Zero-emission zones or zero-emission budget? What could work?

At the Global City Logistics Conference 2023, Professor Joubert presented the results of a study on electric truck deployment for a company in South Africa. The results show that electrifying an entire fleet may not be viable initially, suggesting a hybrid fleet as a more practical intervention in the foreseeable future.

Based on models on emissions, costs, charging requirements, customer orders, and routes, he arrived at a mixed fleet with one-third diesel trucks and two-thirds electric trucks as the best solution. The mixed fleet provided a feasible and affordable solution using the fewest vehicles and drivers. If electric trucks become cheaper and have a greater range, then the share of electric will increase over time.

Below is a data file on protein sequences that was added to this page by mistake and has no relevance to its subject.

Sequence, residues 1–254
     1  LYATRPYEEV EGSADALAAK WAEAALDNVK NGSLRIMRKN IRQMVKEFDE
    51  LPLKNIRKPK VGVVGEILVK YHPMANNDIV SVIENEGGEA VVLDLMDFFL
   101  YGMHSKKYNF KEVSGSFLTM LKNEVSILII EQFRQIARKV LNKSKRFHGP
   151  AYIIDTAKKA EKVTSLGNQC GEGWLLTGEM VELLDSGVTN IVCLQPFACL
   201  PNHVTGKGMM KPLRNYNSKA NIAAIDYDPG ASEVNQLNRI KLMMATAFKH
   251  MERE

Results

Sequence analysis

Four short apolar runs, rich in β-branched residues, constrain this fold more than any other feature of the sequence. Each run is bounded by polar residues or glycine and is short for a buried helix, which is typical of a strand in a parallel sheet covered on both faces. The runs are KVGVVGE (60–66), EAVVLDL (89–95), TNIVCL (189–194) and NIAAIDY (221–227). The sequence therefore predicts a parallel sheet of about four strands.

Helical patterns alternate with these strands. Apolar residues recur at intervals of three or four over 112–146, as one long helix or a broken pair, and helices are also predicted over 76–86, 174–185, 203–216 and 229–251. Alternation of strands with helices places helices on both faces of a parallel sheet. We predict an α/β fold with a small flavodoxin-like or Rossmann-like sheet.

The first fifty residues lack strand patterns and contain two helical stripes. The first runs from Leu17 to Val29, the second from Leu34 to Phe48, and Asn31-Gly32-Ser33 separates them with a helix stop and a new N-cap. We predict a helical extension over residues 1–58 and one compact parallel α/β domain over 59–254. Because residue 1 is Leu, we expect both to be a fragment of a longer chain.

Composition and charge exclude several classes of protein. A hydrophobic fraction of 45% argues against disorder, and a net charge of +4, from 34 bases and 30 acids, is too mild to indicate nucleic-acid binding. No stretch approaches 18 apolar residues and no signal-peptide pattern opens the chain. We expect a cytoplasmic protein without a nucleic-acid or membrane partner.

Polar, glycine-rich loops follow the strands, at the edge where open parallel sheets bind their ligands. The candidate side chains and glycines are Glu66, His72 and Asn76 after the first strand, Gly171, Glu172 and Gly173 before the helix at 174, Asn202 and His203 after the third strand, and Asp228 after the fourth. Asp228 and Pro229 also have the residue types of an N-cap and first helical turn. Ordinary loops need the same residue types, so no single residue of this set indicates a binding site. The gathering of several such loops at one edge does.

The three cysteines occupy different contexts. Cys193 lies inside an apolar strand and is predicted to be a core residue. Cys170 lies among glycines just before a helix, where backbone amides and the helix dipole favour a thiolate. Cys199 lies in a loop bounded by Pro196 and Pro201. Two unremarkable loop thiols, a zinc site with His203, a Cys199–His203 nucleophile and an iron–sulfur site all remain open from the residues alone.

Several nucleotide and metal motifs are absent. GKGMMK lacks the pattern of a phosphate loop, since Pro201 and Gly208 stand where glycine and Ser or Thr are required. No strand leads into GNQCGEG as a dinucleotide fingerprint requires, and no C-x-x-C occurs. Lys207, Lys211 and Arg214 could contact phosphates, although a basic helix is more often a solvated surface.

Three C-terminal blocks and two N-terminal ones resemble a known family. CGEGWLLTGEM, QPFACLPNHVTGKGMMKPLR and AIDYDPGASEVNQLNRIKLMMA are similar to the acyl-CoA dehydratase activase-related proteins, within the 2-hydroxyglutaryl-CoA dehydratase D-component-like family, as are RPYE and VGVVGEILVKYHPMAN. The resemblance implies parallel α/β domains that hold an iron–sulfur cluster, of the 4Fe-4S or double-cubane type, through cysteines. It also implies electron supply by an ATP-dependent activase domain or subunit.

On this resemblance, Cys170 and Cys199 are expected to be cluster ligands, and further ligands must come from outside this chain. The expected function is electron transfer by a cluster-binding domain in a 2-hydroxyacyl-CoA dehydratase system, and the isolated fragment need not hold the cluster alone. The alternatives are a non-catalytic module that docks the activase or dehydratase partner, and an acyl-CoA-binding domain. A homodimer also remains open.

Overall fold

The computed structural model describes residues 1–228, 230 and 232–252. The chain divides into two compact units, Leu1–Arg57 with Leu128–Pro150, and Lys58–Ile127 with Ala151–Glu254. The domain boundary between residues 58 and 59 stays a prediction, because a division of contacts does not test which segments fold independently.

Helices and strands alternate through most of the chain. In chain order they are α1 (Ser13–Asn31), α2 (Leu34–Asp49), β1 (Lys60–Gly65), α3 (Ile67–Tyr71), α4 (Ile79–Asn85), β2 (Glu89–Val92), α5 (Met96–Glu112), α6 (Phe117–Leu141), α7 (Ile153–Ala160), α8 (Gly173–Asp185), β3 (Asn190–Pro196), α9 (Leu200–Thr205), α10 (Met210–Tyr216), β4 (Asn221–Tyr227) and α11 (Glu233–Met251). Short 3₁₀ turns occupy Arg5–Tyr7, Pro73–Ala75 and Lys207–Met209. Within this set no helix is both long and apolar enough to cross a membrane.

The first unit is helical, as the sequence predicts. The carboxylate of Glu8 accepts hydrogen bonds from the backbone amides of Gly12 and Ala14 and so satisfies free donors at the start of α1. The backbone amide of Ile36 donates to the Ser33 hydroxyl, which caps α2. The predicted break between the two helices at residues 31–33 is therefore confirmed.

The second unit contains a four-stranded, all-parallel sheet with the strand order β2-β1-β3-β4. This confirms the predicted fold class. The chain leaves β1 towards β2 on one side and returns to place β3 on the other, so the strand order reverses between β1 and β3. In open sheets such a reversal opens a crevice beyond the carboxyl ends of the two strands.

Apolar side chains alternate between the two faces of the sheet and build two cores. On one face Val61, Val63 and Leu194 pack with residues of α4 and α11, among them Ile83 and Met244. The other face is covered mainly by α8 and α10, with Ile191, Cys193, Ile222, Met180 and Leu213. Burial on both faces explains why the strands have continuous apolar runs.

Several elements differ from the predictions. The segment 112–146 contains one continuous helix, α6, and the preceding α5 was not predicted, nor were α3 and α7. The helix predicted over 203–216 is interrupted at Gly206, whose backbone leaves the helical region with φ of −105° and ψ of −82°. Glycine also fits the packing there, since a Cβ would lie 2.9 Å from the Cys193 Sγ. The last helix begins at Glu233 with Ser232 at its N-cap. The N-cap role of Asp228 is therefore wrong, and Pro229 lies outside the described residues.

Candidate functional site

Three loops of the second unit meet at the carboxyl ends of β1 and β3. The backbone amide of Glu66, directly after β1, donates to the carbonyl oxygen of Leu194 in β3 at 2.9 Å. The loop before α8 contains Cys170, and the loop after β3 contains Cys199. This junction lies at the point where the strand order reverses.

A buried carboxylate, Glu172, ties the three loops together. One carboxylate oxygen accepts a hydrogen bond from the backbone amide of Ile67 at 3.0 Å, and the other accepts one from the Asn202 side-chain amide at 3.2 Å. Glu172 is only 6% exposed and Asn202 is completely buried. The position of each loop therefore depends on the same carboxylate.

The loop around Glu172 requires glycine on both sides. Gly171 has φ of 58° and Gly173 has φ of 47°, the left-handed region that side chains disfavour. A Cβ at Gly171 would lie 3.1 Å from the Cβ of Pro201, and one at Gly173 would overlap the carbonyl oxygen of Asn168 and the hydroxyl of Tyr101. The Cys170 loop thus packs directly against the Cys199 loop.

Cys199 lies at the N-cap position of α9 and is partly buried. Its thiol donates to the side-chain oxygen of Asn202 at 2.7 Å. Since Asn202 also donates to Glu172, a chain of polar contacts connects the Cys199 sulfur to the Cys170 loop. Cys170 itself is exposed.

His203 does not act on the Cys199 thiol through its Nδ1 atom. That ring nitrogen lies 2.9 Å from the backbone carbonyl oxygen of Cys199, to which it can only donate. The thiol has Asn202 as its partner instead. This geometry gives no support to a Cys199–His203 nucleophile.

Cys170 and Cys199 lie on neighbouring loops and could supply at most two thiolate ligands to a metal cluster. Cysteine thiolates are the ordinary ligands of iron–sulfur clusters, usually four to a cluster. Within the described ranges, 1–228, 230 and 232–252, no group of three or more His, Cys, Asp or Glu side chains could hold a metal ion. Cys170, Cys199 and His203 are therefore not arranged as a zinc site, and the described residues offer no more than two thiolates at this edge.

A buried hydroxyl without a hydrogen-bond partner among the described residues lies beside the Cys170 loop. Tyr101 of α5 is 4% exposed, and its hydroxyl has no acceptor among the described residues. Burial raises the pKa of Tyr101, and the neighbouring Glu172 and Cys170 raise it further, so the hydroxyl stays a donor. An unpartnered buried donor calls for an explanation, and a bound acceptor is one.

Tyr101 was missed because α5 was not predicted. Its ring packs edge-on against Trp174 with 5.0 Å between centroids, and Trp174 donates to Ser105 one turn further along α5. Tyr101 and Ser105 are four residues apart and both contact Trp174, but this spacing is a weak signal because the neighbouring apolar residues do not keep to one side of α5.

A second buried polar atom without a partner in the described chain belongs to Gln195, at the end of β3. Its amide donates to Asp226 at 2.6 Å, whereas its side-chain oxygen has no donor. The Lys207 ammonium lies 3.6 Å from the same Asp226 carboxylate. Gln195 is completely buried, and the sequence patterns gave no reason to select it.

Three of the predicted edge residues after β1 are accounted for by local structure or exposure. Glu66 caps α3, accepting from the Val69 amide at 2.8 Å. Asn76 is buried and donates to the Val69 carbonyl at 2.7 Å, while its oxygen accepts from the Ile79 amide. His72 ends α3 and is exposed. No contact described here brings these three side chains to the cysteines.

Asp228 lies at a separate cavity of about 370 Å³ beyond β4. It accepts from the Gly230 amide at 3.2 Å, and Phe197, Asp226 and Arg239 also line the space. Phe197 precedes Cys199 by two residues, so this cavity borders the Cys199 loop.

The introduction of local zero-emission zones came up in the discussion. Those “hard” zones would mean that the company would need more vehicles and drivers, with more operational costs, and ultimately achieve lesser emissions reductions. Would that mean that zero-emission zones are less effective in practice? And also make it unnecessarily more expensive for companies.

Professor Joubert’s research raises the question of whether making road transport more sustainable, opting for a zero-emissions “budget,” and firmly pricing emissions would not be better. Then, companies can develop their fleets feasibly and affordably toward total sustainability.

Zero-emission zones may be unnecessarily restrictive for companies and delay the transition to sustainable road transport. A better plan might be the UK initiative to slowly phase out traditional fuel vehicles.

Walther Ploos van Amstel.

Check out the paper of Professor Joubert.

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